Growing up, my family would read the Christmas story every Christmas morning before opening our presents. I can remember often cuddling up on the couch when my dad or sister would be reading. I’d envision this pristine manger scene with snow falling and baby Jesus was all wrapped up in a perfect white cloth. I would envision Mary & Joseph, the Magi, and baby Jesus … and they all looked like me. The scenery of the manger even matched what I would see on farms near my home.
My only frame of reference was what I knew. I was Caucasian, living in the USA – and so was my imagination.
At the time, this was enough for me – I didn’t realize there was more of the world to see and understand. I didn’t see how my one-track mind was limiting my worldview and I definitely didn’t see how this impacted my view of Jesus.
Fast-forward a few years. My family made a big move to a city in another part of the country. This city had diversity! On my first day at the new school I was blown away by my classmates … I didn’t even know some of the countries they were from. At first I was so intimidated! We didn’t look alike, we didn’t speak the same language, we didn’t come from the same religion, and even our lunches looked (and smelt) extremely different from one another!! For the first time in my life, my culture was not the majority in the room. I remember thinking, “How on earth will I connect with these people?!”
Choosing to Get Uncomfortable
After a few weeks of discomfort, I knew I had to make a choice. I was confronted by the thought: “Briana, you need to let go of your fear of the unknown and take a risk or you will live a very lonely, sad, shallow year wishing you were back with the kids who looked just like you, ate the same foods, spoke your language … You are wishing for comfort.“
So, I made the choice to get curious and get uncomfortable!
I began to ask friends about their family, their home, their food. I began to try different food – and boy, did I eat some things I never thought I would! Fish eyes, cow tongue, tamales, sushi, jerk chicken, and sticky rice?! … Who knew that was a thing?! (Side note … It really is sticky – and I learned that the hard way at a formal dinner when my napkin got stuck to my hand.)
I began to learn greetings in other languages and eventually I would call my best friend’s home and ask her mom in Japanese to speak to my friend. I’ll never forget the day I received a Japanese name to be called by in their home: Momochan.
I would be taught (and highly embarrassed when learning) to salsa at parties in a family friend‘s home. Growing up as a pastor’s kid didn’t exactly teach me rhythm.
As I grew to love learning and other cultures, my life became richer – my friendships became richer.
Of course it wasn’t all easy. I had to confront my biases, fears, prejudices, and the ugly parts of my soul. My friendships also allowed me to learn about major world religions and a sense of hopelessness would often loom over me.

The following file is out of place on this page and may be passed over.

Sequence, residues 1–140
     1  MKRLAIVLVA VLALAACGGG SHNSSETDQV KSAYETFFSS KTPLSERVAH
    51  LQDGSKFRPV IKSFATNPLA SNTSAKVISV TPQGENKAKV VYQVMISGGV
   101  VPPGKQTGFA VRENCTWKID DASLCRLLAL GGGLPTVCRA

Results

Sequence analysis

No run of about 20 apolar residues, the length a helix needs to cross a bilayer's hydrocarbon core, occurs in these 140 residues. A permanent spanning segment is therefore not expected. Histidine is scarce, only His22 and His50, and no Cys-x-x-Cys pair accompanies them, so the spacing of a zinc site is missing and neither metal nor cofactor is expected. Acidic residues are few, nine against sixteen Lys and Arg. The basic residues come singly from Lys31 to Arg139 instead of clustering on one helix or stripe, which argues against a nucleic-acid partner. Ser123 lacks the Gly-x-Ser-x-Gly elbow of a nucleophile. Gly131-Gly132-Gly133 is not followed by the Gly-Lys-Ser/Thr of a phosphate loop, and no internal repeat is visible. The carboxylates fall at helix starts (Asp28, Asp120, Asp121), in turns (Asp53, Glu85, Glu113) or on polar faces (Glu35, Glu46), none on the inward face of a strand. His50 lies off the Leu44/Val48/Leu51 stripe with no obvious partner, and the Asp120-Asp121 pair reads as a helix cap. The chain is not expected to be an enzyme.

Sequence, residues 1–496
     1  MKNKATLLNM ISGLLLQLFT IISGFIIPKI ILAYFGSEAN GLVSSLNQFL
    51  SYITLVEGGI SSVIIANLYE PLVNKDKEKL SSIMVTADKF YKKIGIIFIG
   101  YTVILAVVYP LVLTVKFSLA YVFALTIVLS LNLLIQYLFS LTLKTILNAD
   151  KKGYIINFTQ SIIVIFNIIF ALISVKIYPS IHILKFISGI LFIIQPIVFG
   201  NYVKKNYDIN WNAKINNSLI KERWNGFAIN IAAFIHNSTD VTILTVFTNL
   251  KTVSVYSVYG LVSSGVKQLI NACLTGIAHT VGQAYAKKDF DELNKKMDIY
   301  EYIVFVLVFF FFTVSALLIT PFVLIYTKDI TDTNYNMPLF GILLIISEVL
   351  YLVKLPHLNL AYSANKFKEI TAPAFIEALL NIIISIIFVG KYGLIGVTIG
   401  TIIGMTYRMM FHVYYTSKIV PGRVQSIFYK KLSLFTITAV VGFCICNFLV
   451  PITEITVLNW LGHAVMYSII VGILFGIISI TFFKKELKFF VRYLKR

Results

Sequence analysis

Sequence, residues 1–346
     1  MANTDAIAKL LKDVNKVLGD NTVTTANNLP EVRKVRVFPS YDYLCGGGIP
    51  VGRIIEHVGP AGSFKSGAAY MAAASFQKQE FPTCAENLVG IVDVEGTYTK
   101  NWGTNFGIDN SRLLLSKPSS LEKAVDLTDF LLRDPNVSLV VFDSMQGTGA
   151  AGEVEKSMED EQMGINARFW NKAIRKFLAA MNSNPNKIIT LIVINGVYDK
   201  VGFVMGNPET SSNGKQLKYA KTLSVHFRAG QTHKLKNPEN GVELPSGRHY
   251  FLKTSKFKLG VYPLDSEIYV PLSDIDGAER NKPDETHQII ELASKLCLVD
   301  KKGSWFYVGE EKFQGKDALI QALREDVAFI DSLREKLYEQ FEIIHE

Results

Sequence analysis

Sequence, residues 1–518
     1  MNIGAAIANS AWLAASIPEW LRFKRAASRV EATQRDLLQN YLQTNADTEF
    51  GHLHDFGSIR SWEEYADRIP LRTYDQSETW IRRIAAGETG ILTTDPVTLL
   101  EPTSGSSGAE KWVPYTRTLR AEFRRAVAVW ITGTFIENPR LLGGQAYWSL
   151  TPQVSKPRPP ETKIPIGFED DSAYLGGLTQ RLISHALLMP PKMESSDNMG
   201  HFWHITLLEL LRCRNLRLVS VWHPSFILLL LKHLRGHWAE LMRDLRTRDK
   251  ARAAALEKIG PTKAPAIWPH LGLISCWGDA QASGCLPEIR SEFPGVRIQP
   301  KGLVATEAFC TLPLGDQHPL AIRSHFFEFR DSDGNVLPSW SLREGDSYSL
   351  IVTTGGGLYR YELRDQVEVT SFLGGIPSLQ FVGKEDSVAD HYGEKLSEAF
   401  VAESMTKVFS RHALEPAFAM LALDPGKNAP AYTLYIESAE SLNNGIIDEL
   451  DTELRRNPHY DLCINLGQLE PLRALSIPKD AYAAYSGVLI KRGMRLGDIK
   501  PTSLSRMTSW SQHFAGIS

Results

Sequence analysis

Truly knowing someone – knowing their interest, culture, past, religious beliefs, their story – is difficult. But I knew it was what God called me to. How could I show them Jesus if I was afraid to truly know them?
My heart, mind, and attitudes changed over several years living amongst new immigrants, refugees, and minorities. But something else began to profoundly change when I learned more about my friends and the cultures they represented. My heart and mind began to be transformed and renewed. My burden for the nations grew stronger as my worldview was expanded.
My curiosity turned to radical love.
The Ends of the Earth
After I graduated university, God wanted to do another work of refining in my worldview. See, even though I was learning to grow in my burden for the lost and other cultures, I still saw Jesus as a Saviour grounded in my cultural context. I had this wrong assumption that when people met Jesus, they would become more like me, more western.
I went to Costa Rica on a mission trip and saw Costa Rican believers worshiping God through the gifts of soccer, photography, and hospitality.
I moved to Germany for a year to be a nanny and attended a local church in Berlin. This church operated so differently than what I was used to in the USA, and I would often decide it would be better if it did things my way. But one Sunday during worship, I felt the Holy Spirit so clearly during a worship song (sung in German) and God whispered, “I am God in this culture.”
For there is no difference between Jew and Gentile – the same Lord is Lord of all and richly blesses all who call on Him, for, “Everyone who calls on the name of the Lord will be saved.” (Romans 10:12-13 NIV)
I moved to Canada and God expanded my worldview to care for the Middle Eastern community in a way that I don’t believe would have been possible if I‘d stayed in my American context.
In Colombia, I saw how Jesus prompted a local pastor to speak on a topic that matched our Canadian mission team skit. We had no way of aligning the topic besides the prompting of the Holy Spirit.
Every time I saw God move in a new cultural context I realized that my view of Jesus was too small. Jesus is not the Saviour of my culture – He is the Saviour of all. And He is the same God that we all seek to worship.
“I will also make you a light for the Gentiles, that My salvation may reach to the ends of the earth.” (Isaiah 49:6 NIV)
Now when I look at the Christmas story, I have a new hope and a new perspective. I see Magi coming from the unreached places of the world to seek after Jesus. Because Jesus didn’t come only to save the people that looked just like Him – He came to save the whole world. What an amazing story!
Briana Southerland serves as Share Ministries Pastor at FAC. Learn more about ways we get to partner with teams here in our city and around the world to share the hope of Jesus!